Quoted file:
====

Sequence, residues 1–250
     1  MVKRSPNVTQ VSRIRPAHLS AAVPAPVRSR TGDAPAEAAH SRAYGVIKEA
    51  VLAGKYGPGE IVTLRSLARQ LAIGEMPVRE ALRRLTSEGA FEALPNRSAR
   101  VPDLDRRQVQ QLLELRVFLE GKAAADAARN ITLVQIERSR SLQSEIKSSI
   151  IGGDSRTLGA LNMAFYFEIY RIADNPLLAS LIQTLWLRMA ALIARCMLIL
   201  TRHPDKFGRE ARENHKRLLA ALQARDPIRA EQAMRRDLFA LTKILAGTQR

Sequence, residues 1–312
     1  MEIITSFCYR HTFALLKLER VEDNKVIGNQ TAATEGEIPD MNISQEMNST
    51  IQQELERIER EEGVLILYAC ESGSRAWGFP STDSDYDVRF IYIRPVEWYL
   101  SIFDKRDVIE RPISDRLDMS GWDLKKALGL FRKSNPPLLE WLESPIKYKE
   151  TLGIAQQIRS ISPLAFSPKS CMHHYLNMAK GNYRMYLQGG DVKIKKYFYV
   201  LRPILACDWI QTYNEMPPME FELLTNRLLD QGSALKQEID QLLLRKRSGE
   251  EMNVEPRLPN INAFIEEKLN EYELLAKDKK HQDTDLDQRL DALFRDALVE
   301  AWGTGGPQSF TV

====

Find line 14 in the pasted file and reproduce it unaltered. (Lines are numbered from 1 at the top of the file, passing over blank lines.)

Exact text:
   301  AWGTGGPQSF TV